5. This isn’t the same Gaga the public bought in 2011.

Roger Friedman of Showbiz 411 sums this up nicely: “Gaga tried to shove the art world down the throats of the fans. They didn’t want it, and they were confused by it. What had they related to was Gaga as champion of the underdog, the gay kid, the bullied kid, etc. Jeff Koons was not in their realm.”

In her history, Lady Gaga’s bestselling singles have had some level of connection to a large swath of the population–casting a wider net with each new album. “Just Dance” targeted partygoers in clubs. “Bad Romance,” anyone who’s ever dated a jerk. “Born This Way,” anyone who thinks they’re special.

However, ARTPOP‘s first single, “Applause,” is little more than a celebration of fame from a performer’s perspective. It’s not so much an appreciation of fans as it is an appreciation of noise. It’s high-energy but emotionally cold, going out of its way at one point to take an elitist jab: anyone who’s not impressed by nostalgia doesn’t “like to read.” The song is catchy, and it makes you sing along, but it doesn’t capture the imagination, and it deliberately doesn’t inspire.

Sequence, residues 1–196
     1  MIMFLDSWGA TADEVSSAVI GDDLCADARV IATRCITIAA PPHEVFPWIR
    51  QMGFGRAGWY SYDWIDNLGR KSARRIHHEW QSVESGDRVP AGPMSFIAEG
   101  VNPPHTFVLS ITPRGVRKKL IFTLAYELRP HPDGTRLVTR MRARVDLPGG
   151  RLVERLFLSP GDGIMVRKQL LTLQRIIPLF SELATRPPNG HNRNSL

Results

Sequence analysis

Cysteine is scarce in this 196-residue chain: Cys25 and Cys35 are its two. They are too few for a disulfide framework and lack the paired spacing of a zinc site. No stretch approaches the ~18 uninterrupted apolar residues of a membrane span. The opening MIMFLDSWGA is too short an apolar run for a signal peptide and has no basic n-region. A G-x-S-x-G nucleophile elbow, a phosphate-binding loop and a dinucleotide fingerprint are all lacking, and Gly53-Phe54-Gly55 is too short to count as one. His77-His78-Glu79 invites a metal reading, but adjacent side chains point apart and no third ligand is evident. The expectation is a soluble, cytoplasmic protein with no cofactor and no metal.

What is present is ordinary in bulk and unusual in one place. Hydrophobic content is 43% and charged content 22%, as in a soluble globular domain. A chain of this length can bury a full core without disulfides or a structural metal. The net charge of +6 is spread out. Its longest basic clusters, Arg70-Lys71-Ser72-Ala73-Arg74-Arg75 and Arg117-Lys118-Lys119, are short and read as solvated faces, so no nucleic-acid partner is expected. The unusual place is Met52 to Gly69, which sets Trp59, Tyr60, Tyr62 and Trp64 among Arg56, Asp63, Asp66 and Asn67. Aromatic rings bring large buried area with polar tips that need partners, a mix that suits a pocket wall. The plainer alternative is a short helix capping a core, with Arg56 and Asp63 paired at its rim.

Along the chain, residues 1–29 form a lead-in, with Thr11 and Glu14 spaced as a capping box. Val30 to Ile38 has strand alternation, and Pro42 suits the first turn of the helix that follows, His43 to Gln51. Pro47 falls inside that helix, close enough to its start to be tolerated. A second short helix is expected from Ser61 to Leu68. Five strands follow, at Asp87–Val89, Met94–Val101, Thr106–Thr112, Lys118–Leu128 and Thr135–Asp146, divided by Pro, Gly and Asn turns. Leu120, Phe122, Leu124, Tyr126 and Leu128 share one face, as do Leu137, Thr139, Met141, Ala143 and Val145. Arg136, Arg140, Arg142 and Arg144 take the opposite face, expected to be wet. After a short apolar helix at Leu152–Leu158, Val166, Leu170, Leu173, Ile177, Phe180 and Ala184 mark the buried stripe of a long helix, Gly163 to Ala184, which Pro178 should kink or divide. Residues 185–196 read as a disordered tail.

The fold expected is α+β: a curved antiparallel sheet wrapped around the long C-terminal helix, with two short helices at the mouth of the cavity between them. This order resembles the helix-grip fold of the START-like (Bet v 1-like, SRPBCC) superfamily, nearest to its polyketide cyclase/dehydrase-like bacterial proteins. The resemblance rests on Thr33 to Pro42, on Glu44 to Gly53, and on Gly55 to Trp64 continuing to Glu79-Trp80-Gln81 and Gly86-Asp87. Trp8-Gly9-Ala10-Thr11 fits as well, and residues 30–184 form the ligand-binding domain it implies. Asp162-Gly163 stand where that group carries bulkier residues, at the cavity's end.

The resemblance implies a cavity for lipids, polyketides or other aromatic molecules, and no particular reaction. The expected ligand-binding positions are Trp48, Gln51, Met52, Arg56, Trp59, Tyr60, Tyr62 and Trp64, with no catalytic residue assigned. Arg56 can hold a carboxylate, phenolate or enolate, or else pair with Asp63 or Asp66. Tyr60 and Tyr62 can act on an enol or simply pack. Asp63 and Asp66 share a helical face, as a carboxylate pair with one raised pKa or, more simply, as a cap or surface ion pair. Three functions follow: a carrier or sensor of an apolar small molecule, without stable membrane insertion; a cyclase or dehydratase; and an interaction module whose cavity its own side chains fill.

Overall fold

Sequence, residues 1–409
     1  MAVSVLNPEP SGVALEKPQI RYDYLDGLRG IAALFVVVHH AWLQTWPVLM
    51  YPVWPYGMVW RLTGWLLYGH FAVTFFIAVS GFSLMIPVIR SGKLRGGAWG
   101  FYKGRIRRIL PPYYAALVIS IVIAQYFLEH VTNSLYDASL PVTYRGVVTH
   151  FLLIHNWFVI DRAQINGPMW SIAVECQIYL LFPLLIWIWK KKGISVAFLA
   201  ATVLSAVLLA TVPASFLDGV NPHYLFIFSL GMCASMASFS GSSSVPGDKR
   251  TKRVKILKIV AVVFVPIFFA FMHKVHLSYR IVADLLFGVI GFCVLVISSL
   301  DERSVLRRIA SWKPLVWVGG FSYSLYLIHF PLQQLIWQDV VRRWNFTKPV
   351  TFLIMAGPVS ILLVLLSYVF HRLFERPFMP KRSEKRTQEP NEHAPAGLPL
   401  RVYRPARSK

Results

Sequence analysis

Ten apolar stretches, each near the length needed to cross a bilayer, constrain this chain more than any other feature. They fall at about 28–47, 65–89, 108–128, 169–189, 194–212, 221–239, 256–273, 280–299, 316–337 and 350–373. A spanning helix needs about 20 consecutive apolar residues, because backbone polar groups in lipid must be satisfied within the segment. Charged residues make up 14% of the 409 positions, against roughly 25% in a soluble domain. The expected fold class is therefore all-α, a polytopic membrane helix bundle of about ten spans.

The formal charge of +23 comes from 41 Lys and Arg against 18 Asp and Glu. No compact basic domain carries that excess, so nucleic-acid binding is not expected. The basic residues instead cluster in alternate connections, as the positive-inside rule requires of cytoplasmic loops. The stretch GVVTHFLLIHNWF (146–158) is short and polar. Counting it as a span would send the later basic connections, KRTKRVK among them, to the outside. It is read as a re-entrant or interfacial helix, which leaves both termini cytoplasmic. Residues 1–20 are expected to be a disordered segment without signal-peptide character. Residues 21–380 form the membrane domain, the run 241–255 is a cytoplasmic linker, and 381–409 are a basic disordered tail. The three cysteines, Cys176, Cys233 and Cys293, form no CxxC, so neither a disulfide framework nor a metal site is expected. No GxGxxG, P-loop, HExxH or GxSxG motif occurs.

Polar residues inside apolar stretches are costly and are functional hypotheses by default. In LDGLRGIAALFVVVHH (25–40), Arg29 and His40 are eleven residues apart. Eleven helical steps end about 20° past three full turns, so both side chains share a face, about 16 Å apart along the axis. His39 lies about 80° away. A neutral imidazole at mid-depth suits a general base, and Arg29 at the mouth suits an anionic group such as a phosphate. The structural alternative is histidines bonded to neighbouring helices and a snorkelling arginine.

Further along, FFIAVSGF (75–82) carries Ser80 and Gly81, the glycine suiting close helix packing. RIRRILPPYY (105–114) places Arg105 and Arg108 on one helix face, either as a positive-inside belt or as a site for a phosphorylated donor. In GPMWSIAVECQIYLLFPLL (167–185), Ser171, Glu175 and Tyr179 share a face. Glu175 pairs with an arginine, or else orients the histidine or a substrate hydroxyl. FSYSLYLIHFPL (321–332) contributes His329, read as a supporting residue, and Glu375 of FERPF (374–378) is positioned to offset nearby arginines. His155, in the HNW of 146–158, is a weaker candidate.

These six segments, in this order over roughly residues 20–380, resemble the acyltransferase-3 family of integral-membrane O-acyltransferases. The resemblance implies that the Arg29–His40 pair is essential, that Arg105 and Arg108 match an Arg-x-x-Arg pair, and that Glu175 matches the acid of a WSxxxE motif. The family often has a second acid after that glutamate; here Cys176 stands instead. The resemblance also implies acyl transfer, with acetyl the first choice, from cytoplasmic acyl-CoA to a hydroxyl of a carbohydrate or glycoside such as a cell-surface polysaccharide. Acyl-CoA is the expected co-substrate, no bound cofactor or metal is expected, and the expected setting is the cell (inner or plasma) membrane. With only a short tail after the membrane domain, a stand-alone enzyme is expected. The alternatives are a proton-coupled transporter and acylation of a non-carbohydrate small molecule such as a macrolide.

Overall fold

As for the rest of it, who is the target audience? Horny people? As any teenager who gawked at a Lords of Acid CD cover can tell you, that’s not enough to make you spend money and take it out of the store. Most people have far more immediate concerns than getting off, and for those that don’t, there are tons of free alternatives to shelling out $9.99 to Universal Music Group. Further, most women won’t see a message like “do what you want with my body” as tasteful, much less empowering.

Lady Gaga’s last album, I said at the time, put Importance before entertainment, and the listening experience suffered greatly for it. It’s sad, then, that ARTPOP is a huge creative rebound but just as big a marketing failure. If you’ve always hated Lady Gaga but like EDM, you’ll likely find something to enjoy here. However, while it’s our gain, it’s Gaga’s loss, as that ultimately sticks her in more of a niche market while her competitors snatch up the lowest common denominator crowd. 

This is her first big flop, which could be the start of a final downward spiral, or it could force her to learn some lessons and come back more savvy next time around. The label will certainly demand a tour or two to recoup some of these losses, so I can imagine we’ll be able to gauge how well she’s taking it by how desperate her stage act gets.